Vern Cotter needs all bullets firing for Scotland

Gordon Reid on ice after the match against South Africa. Picture: Getty
Gordon Reid on ice after the match against South Africa. Picture: Getty
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SATURDAY’S match in Newcastle felt like watching a Marks & Spencer advert. This isn’t just any painful physical international encounter; this is a South African painful, physical Test match. Ouch!

Much was made of Scotland fielding a second-string XV but this looked very much like their best forward pack barring a couple of front-row forwards. Moreover, the Scots set scrum held up reasonably well, at least compared to the lineout where Fraser Brown had a difficult day. Yet, even with a strong, muscular and athletic pack, the Scots were driven backwards in the maul, bullied at the breakdown and looked like they were running into a brick wall with the ball in hand. They could take a leaf from Japan. Up against bigger opposition, the Japanese runners rarely get isolated when they take contact and instead attack in pairs or trios. The ball carrier keeps his feet while the support runner adds his oomph by binding after the tackle with legs pumping.

The other issue revolves around the playmaker because Duncan Weir takes the ball much deeper than Finn Russell. Why does this matter? Because the Scottish runners he picks usually receive the ball several yards or so before the defensive line which means they can be lined up for a dominant tackle. Russell fires bullets across a flat back line and any number of players cutting different angles can claim it so the defence don’t know who the receiver is until the ball is in his hands. The defenders have less time to adjust and the attacking side can come back against the drift looking for weak shoulders or use the inside ball in the hope that the inside defender is too lazy to fill the gap. This is why Russell is key to Scotland’s attack and why, in his absence, Vern Cotter was always likely to rest Mark Bennett against South Africa.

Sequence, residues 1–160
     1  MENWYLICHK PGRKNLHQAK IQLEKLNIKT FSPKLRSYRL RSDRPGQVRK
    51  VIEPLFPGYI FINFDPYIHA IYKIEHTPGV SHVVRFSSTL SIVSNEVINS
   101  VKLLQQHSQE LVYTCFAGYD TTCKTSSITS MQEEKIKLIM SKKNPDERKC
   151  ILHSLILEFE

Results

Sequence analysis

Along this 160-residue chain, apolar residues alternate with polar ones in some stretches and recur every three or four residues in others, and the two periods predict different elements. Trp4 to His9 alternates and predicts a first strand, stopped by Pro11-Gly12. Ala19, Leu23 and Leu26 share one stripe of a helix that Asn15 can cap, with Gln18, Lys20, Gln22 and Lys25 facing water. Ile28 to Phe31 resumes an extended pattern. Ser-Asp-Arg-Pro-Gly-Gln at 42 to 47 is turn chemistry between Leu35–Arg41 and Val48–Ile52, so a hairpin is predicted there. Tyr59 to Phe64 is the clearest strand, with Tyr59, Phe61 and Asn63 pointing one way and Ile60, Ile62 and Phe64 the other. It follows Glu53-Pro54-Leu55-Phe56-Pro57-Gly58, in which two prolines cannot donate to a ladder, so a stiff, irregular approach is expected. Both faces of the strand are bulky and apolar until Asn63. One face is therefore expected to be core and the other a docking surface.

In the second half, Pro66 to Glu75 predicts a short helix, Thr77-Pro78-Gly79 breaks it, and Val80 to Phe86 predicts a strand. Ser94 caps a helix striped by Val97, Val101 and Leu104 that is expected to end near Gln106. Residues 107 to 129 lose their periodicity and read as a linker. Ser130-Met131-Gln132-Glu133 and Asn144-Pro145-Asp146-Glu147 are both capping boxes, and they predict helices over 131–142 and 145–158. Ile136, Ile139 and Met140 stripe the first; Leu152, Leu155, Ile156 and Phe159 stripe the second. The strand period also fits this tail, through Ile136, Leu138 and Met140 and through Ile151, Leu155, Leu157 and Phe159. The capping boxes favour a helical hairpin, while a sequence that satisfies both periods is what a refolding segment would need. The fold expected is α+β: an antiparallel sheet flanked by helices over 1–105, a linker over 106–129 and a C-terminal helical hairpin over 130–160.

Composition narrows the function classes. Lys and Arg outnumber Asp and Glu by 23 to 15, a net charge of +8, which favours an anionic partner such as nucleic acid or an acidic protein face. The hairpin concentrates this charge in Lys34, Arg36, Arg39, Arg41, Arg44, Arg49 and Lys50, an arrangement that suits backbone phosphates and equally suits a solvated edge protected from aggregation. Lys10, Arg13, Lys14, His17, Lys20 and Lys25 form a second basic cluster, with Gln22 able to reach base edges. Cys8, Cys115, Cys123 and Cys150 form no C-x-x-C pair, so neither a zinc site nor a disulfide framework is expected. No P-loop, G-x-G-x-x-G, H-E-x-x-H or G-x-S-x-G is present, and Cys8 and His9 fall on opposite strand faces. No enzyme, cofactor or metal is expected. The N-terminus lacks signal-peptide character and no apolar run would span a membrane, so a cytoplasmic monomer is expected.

Bennett is a bullet for Scotland. He picks lines and angles of attack like no-one else in blue since Alan Tait retired. He is small but deceptively strong and approximately half the player he can be when Russell isn’t pulling the strings inside him, keeping the defence honest and making space. Hopefully the pair will be back in tandem for Saturday when Cotter will select the strongest XV available to him, with Greig Laidlaw leading them on to the field.

He had an ordinary outing on Saturday by his standards. His service was laboured, although that had as much to do with the Boks’ defence at the breakdown as it did any of his shortcomings. It was barely mentioned at the time but surely the skipper should have gone for goal with that first penalty awarded in South Africa’s half? It might have been at the limit of his range but it was within Weir’s. He was called forward but only to hoof the ball into the corner where Scotland lost the lineout.

The Scottish big men will surely perform better against a Samoan side that has underperformed to date and, with the quick, front-foot ball that was well nigh impossible last Saturday, the Scottish strike runners should have no excuses.